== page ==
Another contractor client refused to grant me access to its costs. Ultimately, because of its persistent refusal, I had no option other than to resign.

What causes experts to take the extreme or misleading views that some do?

The simple answer is I assume money and repeat business.

One solution to the issue of independence might be to appoint single joint experts. That can work but not always. On one occasion my report as a single joint expert did not stop a trial proceeding. One of the parties accepted my report, the other considered my report unfavourable to it and chose to continue to court.

For their part, Contractors need to avoid gross exaggeration and be realistic in their claims. Employer organisations need to be realistic in their obligations; and permit their appointed consultants to administer contracts in a professional manner.

Obtaining third party experts to assess potential worth of a claim before formal disputes commence can frequently assist.

Dispute Avoidance

If I was asked to advise clients and contractors what they ought to do to avoid disputes, my advice would include:

  • Clear and accurate information and contracts prior to commencement.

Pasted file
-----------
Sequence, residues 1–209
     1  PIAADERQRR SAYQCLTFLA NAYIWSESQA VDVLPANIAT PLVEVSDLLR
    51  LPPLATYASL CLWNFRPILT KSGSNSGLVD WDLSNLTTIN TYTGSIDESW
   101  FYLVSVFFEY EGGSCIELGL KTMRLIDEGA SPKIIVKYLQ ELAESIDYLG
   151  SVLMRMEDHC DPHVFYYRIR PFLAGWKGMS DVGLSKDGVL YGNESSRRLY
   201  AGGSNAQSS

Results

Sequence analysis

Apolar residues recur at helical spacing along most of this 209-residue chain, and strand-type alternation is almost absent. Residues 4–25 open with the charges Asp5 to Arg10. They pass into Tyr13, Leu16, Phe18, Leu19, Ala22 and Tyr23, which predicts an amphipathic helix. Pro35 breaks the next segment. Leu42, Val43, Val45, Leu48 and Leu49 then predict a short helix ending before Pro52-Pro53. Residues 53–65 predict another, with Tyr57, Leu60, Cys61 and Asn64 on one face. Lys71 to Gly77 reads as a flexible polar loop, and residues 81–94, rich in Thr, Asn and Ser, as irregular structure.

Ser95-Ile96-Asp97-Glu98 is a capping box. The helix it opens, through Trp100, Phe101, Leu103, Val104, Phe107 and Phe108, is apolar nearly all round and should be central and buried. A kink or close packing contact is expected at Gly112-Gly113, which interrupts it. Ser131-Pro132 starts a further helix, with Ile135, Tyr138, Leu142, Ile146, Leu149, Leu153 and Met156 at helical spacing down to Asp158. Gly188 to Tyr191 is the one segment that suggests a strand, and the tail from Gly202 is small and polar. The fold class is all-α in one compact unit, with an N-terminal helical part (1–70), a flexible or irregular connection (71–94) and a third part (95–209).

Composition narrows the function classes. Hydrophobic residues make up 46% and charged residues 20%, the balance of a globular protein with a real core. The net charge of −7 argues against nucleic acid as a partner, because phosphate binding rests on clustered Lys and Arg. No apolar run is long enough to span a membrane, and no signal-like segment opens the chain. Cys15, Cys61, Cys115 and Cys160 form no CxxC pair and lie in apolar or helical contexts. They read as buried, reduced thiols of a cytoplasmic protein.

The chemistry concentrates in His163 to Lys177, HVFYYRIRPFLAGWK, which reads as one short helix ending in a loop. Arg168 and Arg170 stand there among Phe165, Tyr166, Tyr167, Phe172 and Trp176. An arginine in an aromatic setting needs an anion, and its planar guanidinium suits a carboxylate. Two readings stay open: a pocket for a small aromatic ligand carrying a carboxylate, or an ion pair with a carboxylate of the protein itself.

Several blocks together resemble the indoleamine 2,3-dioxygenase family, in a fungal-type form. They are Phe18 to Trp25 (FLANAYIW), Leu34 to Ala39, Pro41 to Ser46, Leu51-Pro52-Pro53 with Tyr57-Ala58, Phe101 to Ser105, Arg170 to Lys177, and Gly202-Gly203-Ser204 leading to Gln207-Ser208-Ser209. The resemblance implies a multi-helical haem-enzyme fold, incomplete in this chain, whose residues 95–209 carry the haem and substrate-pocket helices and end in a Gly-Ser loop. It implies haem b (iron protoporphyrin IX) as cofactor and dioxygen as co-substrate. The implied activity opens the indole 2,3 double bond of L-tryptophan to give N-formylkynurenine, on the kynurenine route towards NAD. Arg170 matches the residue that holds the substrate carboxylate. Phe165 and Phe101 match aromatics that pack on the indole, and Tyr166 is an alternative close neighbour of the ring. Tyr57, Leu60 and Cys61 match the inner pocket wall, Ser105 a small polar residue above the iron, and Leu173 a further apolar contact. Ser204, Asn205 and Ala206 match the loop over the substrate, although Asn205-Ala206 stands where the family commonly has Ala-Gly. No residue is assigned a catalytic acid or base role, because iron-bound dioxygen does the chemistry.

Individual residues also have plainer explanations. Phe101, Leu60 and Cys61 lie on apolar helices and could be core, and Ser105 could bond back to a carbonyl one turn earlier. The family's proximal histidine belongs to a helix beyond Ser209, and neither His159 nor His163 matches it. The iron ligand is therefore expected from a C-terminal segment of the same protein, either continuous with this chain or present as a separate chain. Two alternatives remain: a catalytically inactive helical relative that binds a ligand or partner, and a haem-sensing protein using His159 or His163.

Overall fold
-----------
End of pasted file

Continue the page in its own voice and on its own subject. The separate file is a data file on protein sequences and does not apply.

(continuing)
• Regular meetings, between contractor and consultants on commercial issues.
  • Both parties cooperating by (amongst other matters) advising and agreeing on: –
    1. Dates for flow of design information;
    2. Advance/ near immediate warning of any perceived problems;
    3. Contractor to advise promptly of any changes to design or lack of information having cost or time implications and provide assessments of time and money, promptly and accurately.
    4. Consultants to respond promptly and accurately to contractor’s assessments and to persuade the employers to agree matters as the contract proceeds;
    5. Both parties to seek to reach agreement and address the underlying problems;
    6. If agreement is reached then payment of additional work or extended time and/or prolongation costs is made promptly;
    7. If there are genuine disagreements, on issues or values then consider bringing in a neutral(s) to evaluate and/or advise.
    8. Above all else, payment to be made properly and promptly.